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Electronics-World-1959-05

www.americanradiohistory.com fib You must keep charges realistic -in step with changing times -to insure prospering business. ONE OF the most important things a service dealer can do to stimulate the stable growth of his operation is to make a studied effort to gear himself and his business to the right habits. Most experienced dealers know that a rigid system of "time control" or "time management" is vitally important in a service business. As a result, habits that make the most effective use of time are built -in features of all successful service businesses. One basic weakness of the service industry generally has been the ingrained habit of underpricing time and labor. The result is that a high percentage of independent electronic service businesses continue to operate on the fringe of financial disaster. Recently the Indianapolis Television Technicians Association, through its house organ, conducted a survey of charges for electronic service made by dealers in the Hoosier capitol city. In publishing the results of the survey, the "Hoosier Test Probe" said: "Many Indianapolis service operators are giving service away. Some fees charged are so low that no funds for the replacement of equipment could possibly be accrued, much less paying the shop owner a decent living wage. "In a survey of fees for service taken by the 'Hoosier Test Probe,' every TV service shop in Indianapolis was called. Data was taken from everyone willing to cooperate." The survey disclosed the following average charges: Home TV service calls -$4.21 per call. Labor charges for minor repairs, shop service -$2.70 per job. Labor charges for major repairs, shop service -$8.97 per job. Labor charges for radios brought to the shop -$2.29 per set. Car radio service requiring bench work -$2.99 per set. Pull and re- install car radios - $3.18 per job. Labor charges to repair and adjust 3 -speed record changer -$4.29 per job. Recently a successful service dealer, commenting on the financial distress of a couple of his compeers, said, "You cannot run a discount operation on service and stay in business. Service dealers have been affected by the spiraling cost of living and doing business just like everyone else. It costs more money to do business today than it did five years ago. Average cost figures for providing TV service in the home five years ago were about $4.50 per 48 call. These were average costs of efficient service business operations that had enough volume to keep their technicians busy all the time they were on duty. "In the past five years, there has been a fifteen to twenty per -cent increase in the cost of doing business. The dealer who fails to raise his charges in the face of these mounting costs is trying to run a discount operation. He just can't win. The economics of the situation will whip him." Last year Robert S. Geran, general service manager for the Kelvinator Division of American Motors Corporation, stated that "it costs $6.02 an hour currently in a typical large U. S. city just to keep a service man on the street." He said that cost included basic wages and fringe benefits, truck operating costs, and some overhead, with no allowance for special expenses or profits. Mr. Geran also pointed out that this cost was only $3.77 per hour ten years ago. The latest chart covering Standard Labor Charges for Television Service and Repairs, compiled and published by Harold Chase, editor of the "TSA News," 16311 Grand River, Detroit, Mich., lists $5.00 for the first fifteen minutes involved in handling a home service call. After the first quarter hour, there is a charge of $1.50 for each additional fifteen minutes required to complete service on a set. In the Indianapolis survey, only one -third of the shops reporting made a charge of $5.00 or more for home TV service calls. All of the rest were under $5.00 per call with a few reporting their charges as low as $2.00 per call. Statistically, it is impossible to reconcile subnormal charges with a profitable service operation where the technician uses standard tubes and parts and charges the customer only for those required to complete the job. Performance records of a large number of service shops indicate that, under normal circumstances, an efficient technician can complete an average of forty home service calls in a five -day week, working eight hours per day and devoting his time exclusively to field service. At $5.00 per call, this average technician would produce a gross income of $200.00 per week from the sale of his time. At current wage levels, the dealer would have to pay out a minimum of $125.00 per week in wages, taxes, fringe- benefit costs, etc., for this technician's time. Out of the remaining !'F By WILLIAM LEONARD $75.00 per week he would have to pay the operating, maintenance, and depreciation expenses for the technician's car or truck, the premiums on the several liability and property- damage insurance policies he must carry, plus the advertising and promotional costs involved in maintaining a sufficient volume of business to keep the technician busy with an average of forty service calls per week. In addition to these costs, the dealer must maintain all of the business machinery necessary for handling customer contacts, such as adequate and efficient telephone service, the service headquarters, and a substantial backup stock of tubes, parts, and supplies. Considering all of the costs involved, the dealer would be extremely fortunate to break even on the income from a technician's time charged at $5.00 per call. This analysis does not take into account the gross profit realized from the (Continued on pill(' 1541 ELECTRONICS WORLD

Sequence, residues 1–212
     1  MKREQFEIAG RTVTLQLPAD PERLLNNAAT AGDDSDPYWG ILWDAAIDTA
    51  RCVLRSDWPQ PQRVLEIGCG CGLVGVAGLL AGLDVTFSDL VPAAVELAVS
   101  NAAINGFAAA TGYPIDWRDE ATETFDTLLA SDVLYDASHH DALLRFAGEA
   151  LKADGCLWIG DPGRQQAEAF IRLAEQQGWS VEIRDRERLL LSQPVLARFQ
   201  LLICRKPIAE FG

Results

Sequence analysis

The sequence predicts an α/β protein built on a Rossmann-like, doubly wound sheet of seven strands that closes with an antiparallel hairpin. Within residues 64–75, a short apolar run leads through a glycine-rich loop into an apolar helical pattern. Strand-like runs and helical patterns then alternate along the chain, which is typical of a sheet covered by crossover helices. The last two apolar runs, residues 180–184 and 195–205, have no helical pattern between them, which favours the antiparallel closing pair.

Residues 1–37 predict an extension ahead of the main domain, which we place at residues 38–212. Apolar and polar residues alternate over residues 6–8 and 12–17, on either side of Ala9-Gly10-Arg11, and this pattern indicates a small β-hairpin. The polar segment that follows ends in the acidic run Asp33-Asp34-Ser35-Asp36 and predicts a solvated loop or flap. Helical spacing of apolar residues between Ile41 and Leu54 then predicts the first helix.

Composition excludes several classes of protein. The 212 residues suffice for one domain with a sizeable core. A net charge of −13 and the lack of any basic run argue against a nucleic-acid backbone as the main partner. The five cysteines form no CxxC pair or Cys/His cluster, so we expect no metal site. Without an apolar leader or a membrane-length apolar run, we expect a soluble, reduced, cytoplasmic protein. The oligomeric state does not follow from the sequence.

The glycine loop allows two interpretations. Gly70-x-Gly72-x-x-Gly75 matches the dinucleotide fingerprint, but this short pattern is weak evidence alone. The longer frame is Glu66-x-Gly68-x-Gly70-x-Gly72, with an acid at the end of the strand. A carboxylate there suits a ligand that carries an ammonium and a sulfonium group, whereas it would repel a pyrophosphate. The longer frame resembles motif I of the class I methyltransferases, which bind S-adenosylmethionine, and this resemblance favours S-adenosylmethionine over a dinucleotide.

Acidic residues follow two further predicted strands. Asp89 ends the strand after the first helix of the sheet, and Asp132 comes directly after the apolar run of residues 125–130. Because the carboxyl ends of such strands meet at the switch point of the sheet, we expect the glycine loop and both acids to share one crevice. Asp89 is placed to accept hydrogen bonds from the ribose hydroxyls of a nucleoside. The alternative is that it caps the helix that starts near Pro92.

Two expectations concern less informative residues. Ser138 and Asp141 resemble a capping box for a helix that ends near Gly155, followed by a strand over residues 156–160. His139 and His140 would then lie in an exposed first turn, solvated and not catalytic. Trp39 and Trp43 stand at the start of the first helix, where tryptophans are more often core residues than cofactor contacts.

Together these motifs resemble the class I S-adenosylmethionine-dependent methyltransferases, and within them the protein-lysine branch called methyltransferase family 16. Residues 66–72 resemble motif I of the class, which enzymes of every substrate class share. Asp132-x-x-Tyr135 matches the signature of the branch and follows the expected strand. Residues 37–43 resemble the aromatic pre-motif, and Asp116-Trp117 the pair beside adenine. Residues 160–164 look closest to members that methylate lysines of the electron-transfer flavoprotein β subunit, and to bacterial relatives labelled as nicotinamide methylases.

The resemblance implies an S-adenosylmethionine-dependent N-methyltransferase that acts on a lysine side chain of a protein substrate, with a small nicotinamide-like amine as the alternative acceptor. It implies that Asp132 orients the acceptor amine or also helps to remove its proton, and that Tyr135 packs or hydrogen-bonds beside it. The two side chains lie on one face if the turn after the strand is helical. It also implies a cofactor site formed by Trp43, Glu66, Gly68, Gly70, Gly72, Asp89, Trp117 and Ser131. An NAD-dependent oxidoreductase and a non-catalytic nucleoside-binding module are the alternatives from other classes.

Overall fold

Part 2. Constructing the Network HI -FI Crossover Networks By ABRAHAM B. COHEN & PAUL D. COHEN Advanced Acoustics Co. How to design and put together home -built precision networks for 2- and 3 -way systems. IN Part 1 of this article (in April 1959 issue), the principles behind the design of multi -speaker networks were generalized so that this article on the actual construction of the networks would not be interrupted by some of the more general thoughts concerning the application of networks. With the exception of the earlier reference to 6 db and 12 db attenuation per octave, a more complete treatment of the actual values involved in construction of a network was left for this part. Now we must deal a little more specifically with this matter of the 6 db versus 12 db roll -off characteristic of the network to determine the source of the particular values chosen. These are not arbitrarily selected values - they are specifically related to the values of the choke or capacitor element that will provide a given crossover point for a given impedance. Voltage Division at Crossover By definition, the crossover point is that frequency where the drooping output of the low- frequency branch of the network crosses over the rising characteristic of the high- frequency branch (as indicated in Fig. 3 of Part 1). For a 6 db -per- octave network, the value of the capacitor in the tweeter branch and the value of the choke in the woofer branch are chosen to provide an a.c. impedance across those two respective elements, at the crossover frequency, which will be equal to the speaker impedance. Fig. 8 shows a simplified circuit of a two -way network with a low - frequency branch and a high- frequency branch, both tied across a common voltage source. Let us assume that the speakers are both 8 -ohm units and that it is desired to design a network to cross over at 2000 cps. We will have to find an inductor and a capacitor that will each present an impedance of 8 May. 1959 ohms at this frequency. Having found such components (more details later on actually finding these) and inserting them in the network of Fig. 8A, we see that the voltage in the low- frequency branch has been equally divided across the choke and the woofer. In a similar manner, the voltage across the high -frequency branch has been divided equally between the capacitor and the tweeter. Consequently, the voltage across the woofer is equal to voltage across the tweeter. This is the crossover point where the drooping low- frequency characteristic crosses the rising low -frequency characteristic. 6 db /Octave Attenuation Now we come to the matter of the octave rate of attenuation of these drooping and rising characteristics. Consider, first, the drooping woofer branch characteristic of Fig. 8A. If it a crossover frequency of 2000 cps the inductance in the woofer circuit is equivalent to 8 ohms, then at 4000 cps (one octave higher) this inductance will present a 16 -ohm impedance since the impedance is directly proportional to the frequency. When this 16 -ohm impedance is now considered in series with the 8 -ohm woofer, Fig. 8B, then the voltage across the choke becomes twice that across the woofer. On a db basis (db = 20 log EJE,) a 2 to 1 voltage ratio becomes 6 db. Thus, after the crossover point, the voltage drop -off across the woofer progresses at a rate of 6 db -per- octave. Thus, if we go up another octave the choke impedance doubles again, going from 16 ohms to 32 ohms, while the woofer still remains 8 ohms. The voltage in the woofer branch, Fig. 8C, is now at a 4 to 1 ratio. On a db basis, a voltage ratio of 4 to 1 represents a total drop of 12 db or, again, 6 db over the previous octave. The same analysis may be applied to the tweeter branch and it may be shown, in identical fashion, that the tweeter circuit capacitor, when necessarily chosen to be equal in impedance at the crossover frequency to the tweeter impedance will, below the crossover point, continue to roll -off at the gradual rate of 6 db -per- octave. So it is seen that the automatic 6 db rate of this type of network arises from the simple necessity of choosing reactive elements in the two branches to divide the voltages equally across the various elements in the circuit so that the individual speaker terminal voltages will be the same at the crossover frequency. 12 db /Octave Attenuation In Part 1 we discussed the general method of pairing off a capacitor with an inductance in each speaker circuit to convert a 6 db- per -octave network into a 12 db system. While "pairing off" is the general procedure, the values to be used in converting from a 6 db to a 12 db network need some modification. Thus, if a choke had been originally selected to have an impedance of 8 ohms at the crossover frequency (and equal to the speaker impedance), then it would have to be multiplied by a factor of 1.41 when the systems were changed to a 12 db -per- octave network as indicated in Fig. 7 of Part 1. Similarly. the capacitance of the component which had been originally chosen for the tweeter circuit of the 6 db -peroctave network would have to he divided by a factor of 1.41 when the conversion is made. Once these new values have been determined by modifying the 6 db values, they may then be paired off to provide the 12 db network. Calculations similar to those in Fig. 8 may be made when using these revised values to plot out the network branch voltage which will drop at the rate of 12 db -per- octave after the crossover 49